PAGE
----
Once the set-up routine has been completed, or no further menu selections are made, the unit reverts to normal operation. The multiplexed VCR output is independent of the monitor and can be safely ignored. During attended operation the user can choose to view any of the four camera inputs by pressing one of the selector buttons, or watch a sequenced display. In the replay mode the operator can choose between a quad display, showing the recorded outputs from all connected cameras simultaneously, full-screen display from one selected camera, or a full-screen sequenced display of all recorded inputs. Each image has the time and date imprinted at the bottom, of the picture, along with the camera ident, and any alarm indications.


The alarm set-up options include the facility to switch the VCR output from a sequenced display to one selected camera; at the same time it will switch a time-lapse VCR into real-time mode. If more than one alarm is triggered all or any of the cameras will be recorded in a new sequence. The monitor output can also be configured to change when an alarm is triggered, to show the output from the relevant camera, or cameras (in sequence).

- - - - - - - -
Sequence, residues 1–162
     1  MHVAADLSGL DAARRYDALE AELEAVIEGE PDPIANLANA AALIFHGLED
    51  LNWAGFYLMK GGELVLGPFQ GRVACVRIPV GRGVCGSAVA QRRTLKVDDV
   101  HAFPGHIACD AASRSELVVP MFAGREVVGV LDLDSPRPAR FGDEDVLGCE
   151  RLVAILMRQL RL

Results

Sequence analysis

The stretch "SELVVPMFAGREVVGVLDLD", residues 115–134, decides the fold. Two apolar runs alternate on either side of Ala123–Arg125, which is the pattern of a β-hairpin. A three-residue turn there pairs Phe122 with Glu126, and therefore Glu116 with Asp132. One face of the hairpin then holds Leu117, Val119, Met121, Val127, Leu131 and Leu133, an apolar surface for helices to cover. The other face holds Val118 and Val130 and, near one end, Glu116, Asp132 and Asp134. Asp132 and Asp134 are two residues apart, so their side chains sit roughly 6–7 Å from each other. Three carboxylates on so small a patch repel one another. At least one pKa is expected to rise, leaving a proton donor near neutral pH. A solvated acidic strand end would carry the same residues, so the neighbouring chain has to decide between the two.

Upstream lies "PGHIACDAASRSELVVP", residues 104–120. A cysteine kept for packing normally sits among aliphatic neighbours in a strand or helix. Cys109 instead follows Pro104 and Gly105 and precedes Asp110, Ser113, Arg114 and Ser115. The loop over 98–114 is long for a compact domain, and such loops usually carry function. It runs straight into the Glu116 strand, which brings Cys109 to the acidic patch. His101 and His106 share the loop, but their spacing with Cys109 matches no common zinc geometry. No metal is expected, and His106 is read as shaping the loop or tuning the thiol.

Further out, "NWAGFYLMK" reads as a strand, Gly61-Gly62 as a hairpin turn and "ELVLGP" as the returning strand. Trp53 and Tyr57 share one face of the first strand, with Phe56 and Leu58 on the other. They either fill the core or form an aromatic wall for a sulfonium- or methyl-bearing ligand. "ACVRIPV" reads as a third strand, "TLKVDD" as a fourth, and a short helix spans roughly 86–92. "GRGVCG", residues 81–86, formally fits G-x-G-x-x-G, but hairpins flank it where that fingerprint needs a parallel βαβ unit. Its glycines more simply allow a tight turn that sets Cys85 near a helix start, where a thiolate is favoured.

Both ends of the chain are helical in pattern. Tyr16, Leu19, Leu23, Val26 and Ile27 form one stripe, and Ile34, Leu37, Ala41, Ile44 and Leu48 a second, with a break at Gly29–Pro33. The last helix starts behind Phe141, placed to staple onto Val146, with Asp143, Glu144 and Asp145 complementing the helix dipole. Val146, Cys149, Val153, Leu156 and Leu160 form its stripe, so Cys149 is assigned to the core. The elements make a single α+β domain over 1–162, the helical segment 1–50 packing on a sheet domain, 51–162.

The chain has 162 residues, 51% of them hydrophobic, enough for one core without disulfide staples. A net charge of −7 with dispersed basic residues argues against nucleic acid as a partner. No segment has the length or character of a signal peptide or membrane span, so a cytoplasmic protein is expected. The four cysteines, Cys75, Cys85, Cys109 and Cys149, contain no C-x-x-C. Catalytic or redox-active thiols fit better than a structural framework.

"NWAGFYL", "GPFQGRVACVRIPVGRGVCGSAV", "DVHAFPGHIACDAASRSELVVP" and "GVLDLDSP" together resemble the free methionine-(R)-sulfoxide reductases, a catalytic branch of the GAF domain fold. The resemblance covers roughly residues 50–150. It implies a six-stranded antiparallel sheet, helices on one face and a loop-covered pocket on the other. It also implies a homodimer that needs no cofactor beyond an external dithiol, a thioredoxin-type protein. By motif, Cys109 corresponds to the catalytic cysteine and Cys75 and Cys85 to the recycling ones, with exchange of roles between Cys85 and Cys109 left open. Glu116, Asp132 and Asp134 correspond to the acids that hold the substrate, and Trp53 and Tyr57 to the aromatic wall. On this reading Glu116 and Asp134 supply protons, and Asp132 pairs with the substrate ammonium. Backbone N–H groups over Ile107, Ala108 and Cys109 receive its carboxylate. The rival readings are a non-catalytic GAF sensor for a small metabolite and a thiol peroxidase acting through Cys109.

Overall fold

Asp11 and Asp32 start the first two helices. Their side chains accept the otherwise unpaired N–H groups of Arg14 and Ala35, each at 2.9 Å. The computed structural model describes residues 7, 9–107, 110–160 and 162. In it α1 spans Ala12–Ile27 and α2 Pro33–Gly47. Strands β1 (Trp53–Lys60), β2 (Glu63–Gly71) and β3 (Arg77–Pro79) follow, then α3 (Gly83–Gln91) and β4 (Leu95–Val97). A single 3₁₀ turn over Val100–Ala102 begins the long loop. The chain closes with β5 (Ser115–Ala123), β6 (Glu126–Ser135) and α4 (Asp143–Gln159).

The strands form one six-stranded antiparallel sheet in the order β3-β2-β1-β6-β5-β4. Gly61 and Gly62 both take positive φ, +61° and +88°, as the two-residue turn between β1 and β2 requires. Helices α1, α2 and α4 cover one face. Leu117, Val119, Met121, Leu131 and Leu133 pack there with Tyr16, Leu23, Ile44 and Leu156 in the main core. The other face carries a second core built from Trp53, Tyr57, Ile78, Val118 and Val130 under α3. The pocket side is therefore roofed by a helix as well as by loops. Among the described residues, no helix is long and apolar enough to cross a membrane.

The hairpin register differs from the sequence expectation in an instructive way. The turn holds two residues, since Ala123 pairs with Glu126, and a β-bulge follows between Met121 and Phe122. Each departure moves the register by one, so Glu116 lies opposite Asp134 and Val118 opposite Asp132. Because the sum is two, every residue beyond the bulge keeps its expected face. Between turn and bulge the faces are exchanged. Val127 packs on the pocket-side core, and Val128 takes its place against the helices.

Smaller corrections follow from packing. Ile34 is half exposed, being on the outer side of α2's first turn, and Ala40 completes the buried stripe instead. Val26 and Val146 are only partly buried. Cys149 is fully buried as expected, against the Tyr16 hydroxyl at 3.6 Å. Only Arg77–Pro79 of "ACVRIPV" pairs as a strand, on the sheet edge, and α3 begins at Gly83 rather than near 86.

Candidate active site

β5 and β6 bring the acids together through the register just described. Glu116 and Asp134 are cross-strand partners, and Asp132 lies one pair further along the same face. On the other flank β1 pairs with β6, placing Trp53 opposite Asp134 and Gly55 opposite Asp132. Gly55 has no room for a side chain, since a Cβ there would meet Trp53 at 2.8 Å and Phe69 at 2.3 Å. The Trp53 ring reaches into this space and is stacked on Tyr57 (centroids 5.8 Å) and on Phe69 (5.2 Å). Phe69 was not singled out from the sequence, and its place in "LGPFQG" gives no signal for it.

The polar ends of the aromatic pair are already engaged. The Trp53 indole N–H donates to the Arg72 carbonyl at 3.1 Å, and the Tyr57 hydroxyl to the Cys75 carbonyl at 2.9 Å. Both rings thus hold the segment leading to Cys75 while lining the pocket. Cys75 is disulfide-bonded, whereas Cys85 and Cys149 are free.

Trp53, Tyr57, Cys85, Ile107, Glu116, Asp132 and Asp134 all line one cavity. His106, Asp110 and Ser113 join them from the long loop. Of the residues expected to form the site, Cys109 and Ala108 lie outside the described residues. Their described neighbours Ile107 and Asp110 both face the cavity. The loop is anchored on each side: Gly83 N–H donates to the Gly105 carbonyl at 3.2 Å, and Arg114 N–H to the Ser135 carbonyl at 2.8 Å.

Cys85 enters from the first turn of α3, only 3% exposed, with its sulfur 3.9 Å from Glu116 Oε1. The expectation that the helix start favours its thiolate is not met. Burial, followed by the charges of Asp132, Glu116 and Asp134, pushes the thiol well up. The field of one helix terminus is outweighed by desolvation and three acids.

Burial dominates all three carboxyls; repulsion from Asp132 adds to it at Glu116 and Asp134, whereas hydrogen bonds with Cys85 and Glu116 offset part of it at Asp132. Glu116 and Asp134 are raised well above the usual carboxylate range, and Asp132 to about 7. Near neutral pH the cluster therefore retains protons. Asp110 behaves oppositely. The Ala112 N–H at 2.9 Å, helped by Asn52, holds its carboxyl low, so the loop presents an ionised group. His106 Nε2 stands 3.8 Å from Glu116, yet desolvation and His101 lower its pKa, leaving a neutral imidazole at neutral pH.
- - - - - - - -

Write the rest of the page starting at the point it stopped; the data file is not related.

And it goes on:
The 4Plex-QK is virtually transparent to the video signals which pass through it. In full screen display mode there is no significant increase in noise, reduction in definition or noticeable degradation, apart from the inevitable reduced frame rate. This shifts the whole question of picture quality onto the recording VCR. In the most heavily processed quad display mode each of the four images are sharp, colours are accurately rendered and there's plenty of detail.



There's much to commend the 4Plex-QK, it is reasonably straightforward to set-up and very easy to use; performance is good and the price is reasonable. Operationally it leaves only one or two things to be desired. The most obvious omission is a quad display in the recording mode, as it stands the operator can only choose between a single camera or a sequenced display. It would also be useful to preset individual delay times for each camera, though this is a minor consideration, and more than offset by the flexibility of the system as a whole.



Design and design features              ****

Circuitry and components                  ****

Ease of installation and wiring    ****      

Range and variety of functions            ***       

Accompanying instructions                   ***          

Technical advice and backup              

Value for money                         ****                            




( R.Maybury 1995 0601





[Home][Software][Archive][Top Tips][Glossary][Other Stuff]

Copyright (c) 2005 Rick Maybury Ltd.